weapon training system. It is used to tow aerial targets
for gunnery and aircraft missile firing exercises. The
target-launching mechanism externally mounted on the
RMK-19A/A47U-3 reeling machine launcher, a
PEK-84/A47U-3 reeling machine-launcher control,
and the applicable interconnection cable assemblies.
The system uses saddle-mounted aerial targets from 7
to 12.5 inches in diameter that weigh up to 225 pounds.
Target towlines, which have constant diameters or
stepped diameters with combinations of monofilament
and/or stranded wire, are used. The system operates
with various towline splices, ranging in diameter up to
0.250 inch and with flexible lengths up to 106 inches.
Typical towlines consist of 10,000 feet of 0.190-inch
diameter 3 by 7 stranded steel cable (5,400-pound
tensile strength) or 42,000 feet of 0.097-inch diameter
1 by 7 stranded steel cable (2,060-pound tensile
strength). The reeling machine-launcher system has a
nominal reeling speed capability of 3,500 feet of
towline per minute. Adjusting the power unit blade
angle limitations increases the speed to a maximum of
5,000 feet per minute.
The operator manually controls the system, and it
provides launcher up/down, brake on/off, and reel
in/out functions. You can control target reeling and
recovery speeds by manually adjusting the power unit
blade angle. Operation of the system is controlled from
the PEK, which is located in the cockpit of the
A/A74U-3A except for weight and size. The lighter
weight and smaller size design of the A/A47U-4 was
developed to adapt this towing system to a variety of
If you want more information on the A/A47U-3A
tow target reeling machine-launcher system, refer to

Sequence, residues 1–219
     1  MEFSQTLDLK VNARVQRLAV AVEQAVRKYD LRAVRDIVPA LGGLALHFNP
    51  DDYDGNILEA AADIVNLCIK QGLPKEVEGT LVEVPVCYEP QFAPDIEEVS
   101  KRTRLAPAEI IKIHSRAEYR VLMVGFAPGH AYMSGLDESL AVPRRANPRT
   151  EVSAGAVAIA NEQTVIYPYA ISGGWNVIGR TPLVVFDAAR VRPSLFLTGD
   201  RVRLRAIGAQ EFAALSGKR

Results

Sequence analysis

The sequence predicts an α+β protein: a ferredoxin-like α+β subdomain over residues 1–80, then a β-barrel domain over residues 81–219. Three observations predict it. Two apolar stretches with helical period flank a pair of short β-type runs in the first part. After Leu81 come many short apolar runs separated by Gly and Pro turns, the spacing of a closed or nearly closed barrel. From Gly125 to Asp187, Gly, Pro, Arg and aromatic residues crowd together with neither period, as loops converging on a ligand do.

A/A47U-3A, NAVAIR 28-10A-16.
TOW CABLES AND ASSOCIATED
Steel cables used in target towing are manufactured
specifically for that purpose. Three of the several types
of cables used are discussed here: the 3/32-inch, 7 by 7
cable; the 1/8-inch, 7 by 19 cable; and the 1/8-inch,
1 by 19 armored cable.
The 3/32-inch cable comes in 10,000-foot spools,
has a minimum breaking strength of 920 pounds when
new, and is 7 by 7 in construction. It consists of seven
strands; each strand has seven wires, and is commonly
referred to as 7 by 7. This cable weighs 1.5 pounds per
The 1/8-inch cable is shipped in either 11,500- to
12,500-foot spools or 7,000- to 7,500-foot spools. It has
a minimum breaking strength of 2,000 pounds when
new. It is 7 by 19 in construction (7 strands, 19 wires per
strand) and weighs 2.9 pounds per 100 feet.
The 1/8-inch-armored cable is shipped in spools. It
has a minimum breaking strength of 2,160 pounds. It is
constructed of one strand of 19 wires, with a flat
armoring wire swaged spirally around the strand with a
minimum of 6 turns per inch. The armored cable
weighs 4 pounds per 100 feet. Cross-sectional views of
these three cables are shown in figure 8-4.
These cables are not lubricated. The use of grease,
oil, paraffin, or other lubricants on the cable is a fire
hazard. An explosive vapor is created in the towing
aircraft as the cable is reeled out at high speeds. Since
the cables are not lubricated, they must be stored in a
Continual use of a cable reduces its strength. Target
towing subjects the cable to severe stress in addition to
the damage caused by gunfire. You need to inspect
cables frequently. The cable should be repaired or
replaced if there are indications of fraying (broken
wires), birdcaging (partial unwinding of the strands
along the cable), or snarling (unwinding of the strands
Figure 8-4.Cross-sectional view of tow cables.